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Malvertising, or malicious advertising, is the use of online, malicious advertisements to spread malware and compromise systems. Generally this occurs through the injection of unwanted or malicious code into ads. Malicious actors then pay legitimate online advertising networks to display the infected ads on various websites, exposing every user visiting these sites to the potential risk of infection. Generally, the legitimate advertising networks and websites are not aware they are serving malicious content.

How does malvertising work?

Malicious actors hide a small piece of code deep within a legitimate looking advertisement, which will direct the user’s machine to a malicious or compromised server. When the user’s machine successfully makes a connection to the server, an exploit kit hosted on that server executes. An exploit kit is a type of malware that evaluates a system, determines what vulnerabilities exist on the system, and exploits a vulnerability. From there, the malicious actor is able to install malware by utilizing the security bypass created by the exploit kit. The additional software could allow the attacker to perform a number of actions including, allowing full access to the computer, exfiltrating financial or sensitive information, locking the system and holding it ransom via ransomware, or adding the system to a botnet so it can be used to perform additional attacks. This entire process occurs behind the scenes, out of sight of the user and without any interaction from the user.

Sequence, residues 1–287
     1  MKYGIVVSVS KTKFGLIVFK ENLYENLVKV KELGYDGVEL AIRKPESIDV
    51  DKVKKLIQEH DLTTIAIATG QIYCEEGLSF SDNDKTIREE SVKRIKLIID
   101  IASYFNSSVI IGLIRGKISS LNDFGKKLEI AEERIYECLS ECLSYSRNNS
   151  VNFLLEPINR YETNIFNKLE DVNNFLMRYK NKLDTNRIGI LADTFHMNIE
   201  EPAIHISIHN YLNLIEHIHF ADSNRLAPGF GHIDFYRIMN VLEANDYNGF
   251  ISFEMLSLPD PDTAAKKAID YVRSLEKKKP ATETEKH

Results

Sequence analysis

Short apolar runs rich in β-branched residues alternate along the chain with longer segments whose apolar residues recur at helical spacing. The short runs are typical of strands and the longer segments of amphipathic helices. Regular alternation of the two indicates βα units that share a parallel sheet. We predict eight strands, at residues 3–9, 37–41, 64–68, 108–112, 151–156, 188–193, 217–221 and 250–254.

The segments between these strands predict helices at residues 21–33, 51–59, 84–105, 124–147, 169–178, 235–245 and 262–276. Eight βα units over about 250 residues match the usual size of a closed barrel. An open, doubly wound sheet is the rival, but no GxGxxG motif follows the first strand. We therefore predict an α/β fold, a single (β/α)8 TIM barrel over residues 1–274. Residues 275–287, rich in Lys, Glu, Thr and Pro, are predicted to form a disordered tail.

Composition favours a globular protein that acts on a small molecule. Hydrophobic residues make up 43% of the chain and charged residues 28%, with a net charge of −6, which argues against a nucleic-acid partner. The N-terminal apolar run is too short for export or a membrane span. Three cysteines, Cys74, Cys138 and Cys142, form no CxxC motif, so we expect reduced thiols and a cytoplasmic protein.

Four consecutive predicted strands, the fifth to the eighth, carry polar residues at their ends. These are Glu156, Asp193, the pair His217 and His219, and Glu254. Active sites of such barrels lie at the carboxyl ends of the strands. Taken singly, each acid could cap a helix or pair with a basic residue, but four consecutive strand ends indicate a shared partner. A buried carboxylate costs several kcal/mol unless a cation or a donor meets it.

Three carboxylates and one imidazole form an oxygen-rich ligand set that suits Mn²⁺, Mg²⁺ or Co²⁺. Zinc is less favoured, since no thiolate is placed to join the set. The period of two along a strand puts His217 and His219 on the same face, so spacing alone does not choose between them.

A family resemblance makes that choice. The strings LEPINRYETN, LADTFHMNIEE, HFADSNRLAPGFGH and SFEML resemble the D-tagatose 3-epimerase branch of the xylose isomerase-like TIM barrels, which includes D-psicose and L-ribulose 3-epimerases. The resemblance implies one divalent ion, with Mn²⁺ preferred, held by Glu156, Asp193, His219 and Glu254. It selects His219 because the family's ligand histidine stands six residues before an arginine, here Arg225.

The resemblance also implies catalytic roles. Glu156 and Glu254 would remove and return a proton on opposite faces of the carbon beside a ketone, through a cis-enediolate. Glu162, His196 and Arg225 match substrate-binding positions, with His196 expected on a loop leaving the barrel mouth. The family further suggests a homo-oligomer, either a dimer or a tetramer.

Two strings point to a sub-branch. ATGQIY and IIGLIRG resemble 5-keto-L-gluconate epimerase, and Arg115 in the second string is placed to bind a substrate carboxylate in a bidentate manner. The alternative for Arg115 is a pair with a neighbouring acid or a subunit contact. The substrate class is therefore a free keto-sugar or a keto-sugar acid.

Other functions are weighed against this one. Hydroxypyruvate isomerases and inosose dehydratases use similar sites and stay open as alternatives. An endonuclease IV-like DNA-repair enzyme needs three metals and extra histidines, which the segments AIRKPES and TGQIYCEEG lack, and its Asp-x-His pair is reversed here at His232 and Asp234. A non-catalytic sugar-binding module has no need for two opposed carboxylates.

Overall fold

The Most Popular Exploit Kit

One of the most popular exploit kits currently in use is the Angler Exploit Kit. Angler employs a number of evasion techniques in order to avoid being detected. For example, the URL of the landing page the user’s computer connects to, where the exploit kit is hosted, is often generated dynamically. This makes it difficult to detect because the URL is constantly changing. Angler also has the functionality to determine if it is being run inside of a virtual machine, thus making it difficult for cybersecurity analysts to perform analysis on it. Finally, multiple layers of obfuscation exist in Angler, built on top of each other with various encoding schemes (base64, RC4, etc.) to hide the code that executes when the vulnerable user visits the server.

Angler uses a variety of vulnerabilities in Adobe Flash, Microsoft Silverlight, and Oracle Java. These are all extremely common extensions running on many popular web browsers. When the user’s computer visits the server hosting the exploit kit, the system is scanned to determine which versions of the above software are running on the user’s browser. From there, Angler picks the best vulnerability for exploiting the victim.

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